Platelets ‘can replicate benefits of exercise in brain’, shows study

The findings have significant implications for the development of drug interventions.

August 18, 2023 01:12 pm | Updated 01:20 pm IST - New Delhi

A new study published in Nature Communications found platelets to play an instrumental role in developing potential new treatments for Alzheimer’s disease. Image for representational purpose only.

A new study published in Nature Communications found platelets to play an instrumental role in developing potential new treatments for Alzheimer’s disease. Image for representational purpose only. | Photo Credit: Reuters

Scientists have found that an injection of specific blood molecules can replicate the benefits of exercise in the brain, paving the way for potential new treatments for age-related cognitive decline in Alzheimer’s disease patients.

The study, published recently in the journal Nature Communications, found that platelets, the tiny blood cells critical for blood clotting, secrete a protein that rejuvenates neurons in aged mice in a similar way to physical exercise.

“We know exercise increases the production of new neurons in the hippocampus, the part of the brain important for learning and memory, but the mechanism hasn’t been clear,” said Odette Leiter from the University of Queensland (UQ) in Australia.

“Our previous research has shown platelets are involved, but this study shows platelets are actually required for this effect in the aged mice,” Leiter said in a statement.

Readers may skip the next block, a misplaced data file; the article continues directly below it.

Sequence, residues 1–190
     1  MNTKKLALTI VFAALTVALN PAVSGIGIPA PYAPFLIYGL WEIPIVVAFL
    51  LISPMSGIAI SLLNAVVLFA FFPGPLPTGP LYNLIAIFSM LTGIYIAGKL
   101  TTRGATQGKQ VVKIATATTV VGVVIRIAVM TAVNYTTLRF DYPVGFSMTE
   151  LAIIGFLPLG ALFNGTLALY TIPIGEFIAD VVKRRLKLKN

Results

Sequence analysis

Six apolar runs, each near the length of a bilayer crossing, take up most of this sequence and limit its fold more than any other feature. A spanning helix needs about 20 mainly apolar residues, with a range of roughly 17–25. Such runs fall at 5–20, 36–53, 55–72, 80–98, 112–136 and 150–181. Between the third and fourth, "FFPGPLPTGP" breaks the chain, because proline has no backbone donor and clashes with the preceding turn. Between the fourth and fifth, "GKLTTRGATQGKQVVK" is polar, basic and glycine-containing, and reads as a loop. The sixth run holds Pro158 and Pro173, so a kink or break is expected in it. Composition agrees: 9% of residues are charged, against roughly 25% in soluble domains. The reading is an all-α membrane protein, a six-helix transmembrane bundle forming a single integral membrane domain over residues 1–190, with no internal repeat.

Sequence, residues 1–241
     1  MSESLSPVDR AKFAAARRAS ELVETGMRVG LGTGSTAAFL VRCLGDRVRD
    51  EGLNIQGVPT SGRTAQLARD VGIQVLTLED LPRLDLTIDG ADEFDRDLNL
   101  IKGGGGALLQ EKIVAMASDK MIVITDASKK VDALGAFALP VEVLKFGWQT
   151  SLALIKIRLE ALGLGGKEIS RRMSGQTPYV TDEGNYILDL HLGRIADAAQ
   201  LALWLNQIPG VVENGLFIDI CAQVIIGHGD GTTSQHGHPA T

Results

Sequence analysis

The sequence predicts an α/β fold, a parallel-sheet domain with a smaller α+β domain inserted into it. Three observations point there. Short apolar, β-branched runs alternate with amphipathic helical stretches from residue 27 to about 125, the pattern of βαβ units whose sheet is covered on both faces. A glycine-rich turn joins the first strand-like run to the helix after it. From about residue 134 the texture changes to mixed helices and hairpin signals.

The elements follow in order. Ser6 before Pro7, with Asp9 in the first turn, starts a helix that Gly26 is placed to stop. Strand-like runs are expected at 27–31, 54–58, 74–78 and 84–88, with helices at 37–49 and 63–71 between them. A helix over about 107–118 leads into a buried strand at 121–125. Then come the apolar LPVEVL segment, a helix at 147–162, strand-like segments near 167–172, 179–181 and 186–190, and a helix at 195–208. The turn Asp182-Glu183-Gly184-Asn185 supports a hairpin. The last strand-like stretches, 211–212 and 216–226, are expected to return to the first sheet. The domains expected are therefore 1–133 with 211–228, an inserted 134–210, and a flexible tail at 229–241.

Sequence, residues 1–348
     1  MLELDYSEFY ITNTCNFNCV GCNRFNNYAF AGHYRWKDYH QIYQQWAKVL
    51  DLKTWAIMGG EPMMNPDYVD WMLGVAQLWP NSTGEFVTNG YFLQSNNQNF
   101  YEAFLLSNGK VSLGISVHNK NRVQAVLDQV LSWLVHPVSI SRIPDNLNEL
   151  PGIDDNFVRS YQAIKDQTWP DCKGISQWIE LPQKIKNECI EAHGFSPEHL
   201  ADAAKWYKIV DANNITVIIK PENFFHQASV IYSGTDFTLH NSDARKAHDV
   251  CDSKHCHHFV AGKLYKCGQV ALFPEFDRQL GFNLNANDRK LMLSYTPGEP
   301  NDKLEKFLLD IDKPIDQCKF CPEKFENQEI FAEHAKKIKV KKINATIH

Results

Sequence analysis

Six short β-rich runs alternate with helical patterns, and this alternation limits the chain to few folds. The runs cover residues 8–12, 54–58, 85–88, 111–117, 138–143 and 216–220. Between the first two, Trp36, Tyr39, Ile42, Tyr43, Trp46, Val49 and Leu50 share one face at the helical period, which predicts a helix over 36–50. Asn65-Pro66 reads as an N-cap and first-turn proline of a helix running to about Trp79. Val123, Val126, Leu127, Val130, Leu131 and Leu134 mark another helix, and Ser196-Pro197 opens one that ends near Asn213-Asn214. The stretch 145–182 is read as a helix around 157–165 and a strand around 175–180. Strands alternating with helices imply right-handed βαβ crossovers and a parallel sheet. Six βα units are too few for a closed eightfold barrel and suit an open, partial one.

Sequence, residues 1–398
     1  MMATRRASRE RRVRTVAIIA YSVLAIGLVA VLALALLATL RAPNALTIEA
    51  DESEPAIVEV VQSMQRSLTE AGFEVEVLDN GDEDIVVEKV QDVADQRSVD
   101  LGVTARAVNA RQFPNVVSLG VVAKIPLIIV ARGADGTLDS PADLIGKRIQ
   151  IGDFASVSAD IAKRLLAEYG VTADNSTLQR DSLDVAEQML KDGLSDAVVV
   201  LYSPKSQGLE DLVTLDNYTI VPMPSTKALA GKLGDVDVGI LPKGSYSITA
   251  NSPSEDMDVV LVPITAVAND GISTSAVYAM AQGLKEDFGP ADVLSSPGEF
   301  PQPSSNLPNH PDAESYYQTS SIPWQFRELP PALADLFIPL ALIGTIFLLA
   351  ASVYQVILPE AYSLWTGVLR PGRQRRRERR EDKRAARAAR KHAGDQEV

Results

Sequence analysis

The study focused on exerkines, the biological compounds released into the bloodstream during exercise, which are believed to stimulate the exercise-induced response in the brain.

“We discovered that the exerkine CXCL4/Platelet factor 4 or PF4, which is released from platelets after exercise, results in regenerative and cognitive improvements when injected into aged mice,” Leiter said.

The findings have significant implications for the development of drug interventions.

ALSO READ:Explained | Will new drug slow progress of Alzheimer’s?

“For a lot of people with health conditions, mobility issues, or of advanced age, exercise isn’t possible, so pharmacological intervention is an important area of research,” said Tara Walker from UQ’s Queensland Brain Institute.

“We can now target platelets to promote neurogenesis, enhance cognition and counteract age-related cognitive decline,” Walker said.

The researchers said the next step is to test the response in Alzheimer’s diseased mice, before moving towards human trials.

“It’s important to note this is not a replacement for exercise. But it could help the very elderly or someone who has had a brain injury or stroke to improve cognition,” Walker said.

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